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House panel subpoenas Rove

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WASHINGTON (CNN) -- The House Judiciary Committee served a subpoena on former top Bush aide Karl Rove on Thursday to compel his testimony concerning allegations that the Department of Justice had dismissed U.S. attorneys based on party affiliation.

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Former top White House adviser Karl Rove was subpoenaed Thursday by the House Judiciary Committee.

The committee ordered Rove to appear July 10 to testify on claims that he was a key player in pressing the Justice Department to dismiss some U.S. attorneys and to prosecute Democrats.

It had authorized the subpoena earlier but delivered it Thursday after Rove's attorney said he would not appear voluntarily, Chairman John Conyers, D-Michigan, said in a written statement.

"It is unfortunate that Mr. Rove has failed to cooperate with our requests," Conyers said. "Although he does not seem the least bit hesitant to discuss these very issues weekly on cable television and in the print news media, Mr. Rove and his attorney have apparently concluded that a public hearing room would not be appropriate. Unfortunately, I have no choice today but to compel his testimony on these very important matters."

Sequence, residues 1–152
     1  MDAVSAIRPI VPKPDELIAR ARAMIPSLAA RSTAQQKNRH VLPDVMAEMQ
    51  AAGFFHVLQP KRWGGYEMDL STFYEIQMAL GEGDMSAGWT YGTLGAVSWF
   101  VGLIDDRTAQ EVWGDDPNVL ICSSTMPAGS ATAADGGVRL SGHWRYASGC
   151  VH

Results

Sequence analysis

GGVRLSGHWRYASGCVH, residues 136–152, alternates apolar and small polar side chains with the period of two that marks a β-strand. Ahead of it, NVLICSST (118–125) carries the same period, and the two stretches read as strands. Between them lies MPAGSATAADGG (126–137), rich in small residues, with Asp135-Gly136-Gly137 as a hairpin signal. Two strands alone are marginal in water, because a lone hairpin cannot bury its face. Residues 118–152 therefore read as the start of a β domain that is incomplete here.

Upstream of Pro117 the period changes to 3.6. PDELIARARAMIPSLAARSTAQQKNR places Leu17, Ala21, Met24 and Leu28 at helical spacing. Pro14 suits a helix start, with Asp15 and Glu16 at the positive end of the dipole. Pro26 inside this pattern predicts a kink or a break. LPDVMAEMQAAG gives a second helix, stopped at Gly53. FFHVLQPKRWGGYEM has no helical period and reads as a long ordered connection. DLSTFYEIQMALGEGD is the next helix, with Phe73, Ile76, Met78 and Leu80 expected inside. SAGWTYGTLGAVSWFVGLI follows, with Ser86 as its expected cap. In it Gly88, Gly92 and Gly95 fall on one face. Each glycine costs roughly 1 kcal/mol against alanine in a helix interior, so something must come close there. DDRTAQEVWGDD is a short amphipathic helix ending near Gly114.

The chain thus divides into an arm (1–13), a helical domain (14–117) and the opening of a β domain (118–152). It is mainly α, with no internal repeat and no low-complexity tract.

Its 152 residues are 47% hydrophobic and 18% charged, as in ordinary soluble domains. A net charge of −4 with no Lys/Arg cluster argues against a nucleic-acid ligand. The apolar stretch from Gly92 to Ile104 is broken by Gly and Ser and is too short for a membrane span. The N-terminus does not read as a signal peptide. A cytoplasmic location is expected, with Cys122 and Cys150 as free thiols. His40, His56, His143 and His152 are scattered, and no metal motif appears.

In a letter dated Thursday and addressed to Conyers, Rove's attorney, Robert D. Luskin, noted that his client has received a subpoena on the same issue from the Senate Judiciary Committee.

"While the committee has the authority to issue a subpoena, it is hard to see what this will accomplish, apart from a 'Groundhog Day' replay of the same issues that are already the subject of litigation," the lawyer wrote, referring to a movie in which a person lives the same day over and over again.

Luskin added that "issues of executive privilege and separation of powers" could limit Rove's testimony.

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In a letter of response written Thursday, Conyers said the two committees are focusing on different matters, with the House committee delving into the prosecution of former Alabama Gov. Don Siegelman, a Democrat.

Conyers also noted that other former White House officials have testified under subpoena in the past and have dealt with issues of executive privilege on a case-by-case basis.

"Mr. Rove should follow the same course," he said.

The Democratic-controlled Congress has been engaged in battle for months with the White House over information about the dismissal of the attorneys and the prosecution of Siegelman.

Current and former White House aides have refused to testify, citing executive privilege.

All About Karl RoveDon SiegelmanU.S. House Committee on the Judiciary

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